A young seminarian once asked Frank Sheed for advice on how to be a good priest. “Get to know Jesus,” replied the great Catholic publisher and apologist. “I mean really get to know him, not just about him, and you’ll know the essence of your faith and how to live it through your vocation.”

Today’s reading helps us know Jesus, and ultimately ourselves, better. Entering the scene, we see Jesus “clean house”—and not just any house, God’s house. It’s unclear as to how physical Jesus got, but it’s easy to imagine tables being overturned, coins flying, and shamed merchants shuffling out of the temple.

How do you relate to this Jesus?

Many favor the Jesus who heals, feeds, forgives, accompanies. I do too, but I have always gravitated toward this Jesus—the one who says it like it is, challenges leaders and rules that put people second, and shakes from his sandals the dust of any town that rejects him or his disciples.

Is it possible that the healing Jesus is the same as the radical Jesus? Is it possible that the Jesus who comforts also agitates?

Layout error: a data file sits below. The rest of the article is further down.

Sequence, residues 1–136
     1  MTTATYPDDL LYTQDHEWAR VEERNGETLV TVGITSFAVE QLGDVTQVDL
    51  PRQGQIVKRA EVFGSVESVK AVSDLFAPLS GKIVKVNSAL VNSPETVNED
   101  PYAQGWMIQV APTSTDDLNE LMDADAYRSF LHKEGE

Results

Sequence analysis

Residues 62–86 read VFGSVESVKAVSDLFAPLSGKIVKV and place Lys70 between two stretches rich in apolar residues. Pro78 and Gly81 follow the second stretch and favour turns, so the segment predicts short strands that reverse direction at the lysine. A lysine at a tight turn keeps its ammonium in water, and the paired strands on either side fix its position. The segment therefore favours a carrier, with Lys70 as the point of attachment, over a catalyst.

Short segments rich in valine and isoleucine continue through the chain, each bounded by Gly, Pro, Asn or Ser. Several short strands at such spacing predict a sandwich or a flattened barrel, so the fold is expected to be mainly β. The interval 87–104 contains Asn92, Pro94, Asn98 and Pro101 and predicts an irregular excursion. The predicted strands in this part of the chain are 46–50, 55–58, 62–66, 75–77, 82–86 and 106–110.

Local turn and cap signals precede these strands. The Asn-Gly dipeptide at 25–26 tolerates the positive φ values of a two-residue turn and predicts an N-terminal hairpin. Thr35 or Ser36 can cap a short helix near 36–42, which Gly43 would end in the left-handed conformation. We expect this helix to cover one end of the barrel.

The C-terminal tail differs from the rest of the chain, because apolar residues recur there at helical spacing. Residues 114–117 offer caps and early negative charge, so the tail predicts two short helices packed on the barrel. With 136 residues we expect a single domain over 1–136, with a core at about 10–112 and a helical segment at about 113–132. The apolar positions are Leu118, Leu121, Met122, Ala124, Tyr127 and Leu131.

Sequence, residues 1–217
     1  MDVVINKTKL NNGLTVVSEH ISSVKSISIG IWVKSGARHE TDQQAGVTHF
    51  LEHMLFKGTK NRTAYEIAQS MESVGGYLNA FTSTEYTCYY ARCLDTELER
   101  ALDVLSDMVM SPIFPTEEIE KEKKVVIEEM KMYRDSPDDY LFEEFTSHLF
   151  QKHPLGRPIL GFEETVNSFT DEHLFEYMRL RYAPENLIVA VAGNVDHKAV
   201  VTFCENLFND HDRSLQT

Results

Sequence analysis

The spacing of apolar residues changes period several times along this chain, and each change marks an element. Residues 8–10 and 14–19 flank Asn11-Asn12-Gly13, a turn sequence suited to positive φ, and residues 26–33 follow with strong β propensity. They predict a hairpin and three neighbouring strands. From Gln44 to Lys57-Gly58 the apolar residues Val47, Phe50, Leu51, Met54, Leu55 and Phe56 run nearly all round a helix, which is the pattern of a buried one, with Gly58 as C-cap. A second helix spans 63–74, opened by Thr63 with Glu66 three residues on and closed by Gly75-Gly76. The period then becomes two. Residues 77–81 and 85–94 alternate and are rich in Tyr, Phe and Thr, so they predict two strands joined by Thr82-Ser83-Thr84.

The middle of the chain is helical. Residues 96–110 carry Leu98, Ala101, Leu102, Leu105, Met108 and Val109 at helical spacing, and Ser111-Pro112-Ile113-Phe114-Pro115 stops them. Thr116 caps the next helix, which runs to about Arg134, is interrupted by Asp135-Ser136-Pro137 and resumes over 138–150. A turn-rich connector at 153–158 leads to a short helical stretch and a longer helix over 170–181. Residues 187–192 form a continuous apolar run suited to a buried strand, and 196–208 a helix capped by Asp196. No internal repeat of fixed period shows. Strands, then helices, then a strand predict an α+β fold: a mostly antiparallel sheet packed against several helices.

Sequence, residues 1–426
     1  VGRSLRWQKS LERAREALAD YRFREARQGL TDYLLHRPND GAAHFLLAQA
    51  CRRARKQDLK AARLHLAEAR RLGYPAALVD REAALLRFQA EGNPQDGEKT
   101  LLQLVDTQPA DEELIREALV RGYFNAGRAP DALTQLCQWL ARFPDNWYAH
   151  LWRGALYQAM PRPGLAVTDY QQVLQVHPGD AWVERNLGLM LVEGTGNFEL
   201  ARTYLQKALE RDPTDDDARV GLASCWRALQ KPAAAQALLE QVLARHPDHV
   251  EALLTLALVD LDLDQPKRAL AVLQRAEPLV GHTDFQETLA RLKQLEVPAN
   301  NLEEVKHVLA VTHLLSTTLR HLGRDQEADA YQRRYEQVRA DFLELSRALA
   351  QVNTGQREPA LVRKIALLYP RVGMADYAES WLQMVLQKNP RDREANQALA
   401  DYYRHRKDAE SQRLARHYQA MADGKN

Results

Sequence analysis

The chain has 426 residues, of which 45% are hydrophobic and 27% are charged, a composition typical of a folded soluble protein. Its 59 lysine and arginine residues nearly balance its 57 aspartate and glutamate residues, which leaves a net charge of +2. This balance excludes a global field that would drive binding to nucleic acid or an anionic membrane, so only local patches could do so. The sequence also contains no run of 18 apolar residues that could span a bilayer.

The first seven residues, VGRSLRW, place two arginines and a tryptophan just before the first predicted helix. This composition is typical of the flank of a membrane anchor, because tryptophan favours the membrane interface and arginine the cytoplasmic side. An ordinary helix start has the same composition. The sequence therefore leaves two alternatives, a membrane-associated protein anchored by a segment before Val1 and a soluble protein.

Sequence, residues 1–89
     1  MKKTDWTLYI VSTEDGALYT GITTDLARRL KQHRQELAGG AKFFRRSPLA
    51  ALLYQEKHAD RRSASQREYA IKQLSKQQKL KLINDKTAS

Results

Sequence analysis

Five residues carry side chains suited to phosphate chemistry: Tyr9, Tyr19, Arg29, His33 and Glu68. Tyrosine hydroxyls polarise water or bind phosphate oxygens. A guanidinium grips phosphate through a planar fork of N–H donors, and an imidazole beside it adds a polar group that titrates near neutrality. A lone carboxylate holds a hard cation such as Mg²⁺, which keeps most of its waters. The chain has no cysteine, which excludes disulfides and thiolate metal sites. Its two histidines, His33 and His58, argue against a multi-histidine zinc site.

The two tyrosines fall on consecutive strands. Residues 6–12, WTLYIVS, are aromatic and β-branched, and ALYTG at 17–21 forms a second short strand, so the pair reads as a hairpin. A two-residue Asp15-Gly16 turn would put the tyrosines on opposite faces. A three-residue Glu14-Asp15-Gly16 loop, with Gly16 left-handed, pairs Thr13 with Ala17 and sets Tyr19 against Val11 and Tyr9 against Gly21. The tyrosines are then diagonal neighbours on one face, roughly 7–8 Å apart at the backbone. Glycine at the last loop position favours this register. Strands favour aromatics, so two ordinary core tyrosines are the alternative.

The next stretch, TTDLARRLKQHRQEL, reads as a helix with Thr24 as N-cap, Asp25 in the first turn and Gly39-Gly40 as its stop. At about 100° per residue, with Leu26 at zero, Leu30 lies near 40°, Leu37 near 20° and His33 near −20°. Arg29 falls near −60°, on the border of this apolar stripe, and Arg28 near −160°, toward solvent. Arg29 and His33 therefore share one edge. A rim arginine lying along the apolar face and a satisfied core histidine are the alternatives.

Just before Jesus cleanses the temple, he enters Jerusalem to a crowd chanting, “Blessed is the king who comes in the name of the Lord.” When the Pharisees tell Jesus to order his disciples to stop, Jesus responds, “if these were silent, the stones would shout out.” Then he weeps over Jerusalem and admonishes the people for failing to see God in their midst. Jesus is a compassionate king who focuses on what really matters.

Jesus, therefore, is a threat to those in power. But he’s not interested in politics and power plays. His focus is on the Kingdom, and in this case, the temple as a house of prayer where he and the people connect with God.

Whether healing, feeding, forgiving, admonishing, or turning tables, Jesus is one and the same. He is on mission, and he does what is required to serve that mission. Jealous leaders wanted to kill him, but they couldn’t because the people were “spellbound” by his words and deeds. Or, as some translations have it, the people “hung on his words.”

What if we hung on Jesus’ words? What if we got to know him, not just about him? How, then, might we live our faith and be on mission?

—Jeremy Langford is the director of communications for the Chicago-Detroit Province Jesuits and author of Seeds of Faith: Practices to Grow a Healthy Spiritual Life ©2007 Paraclete Press, Brewster, MA.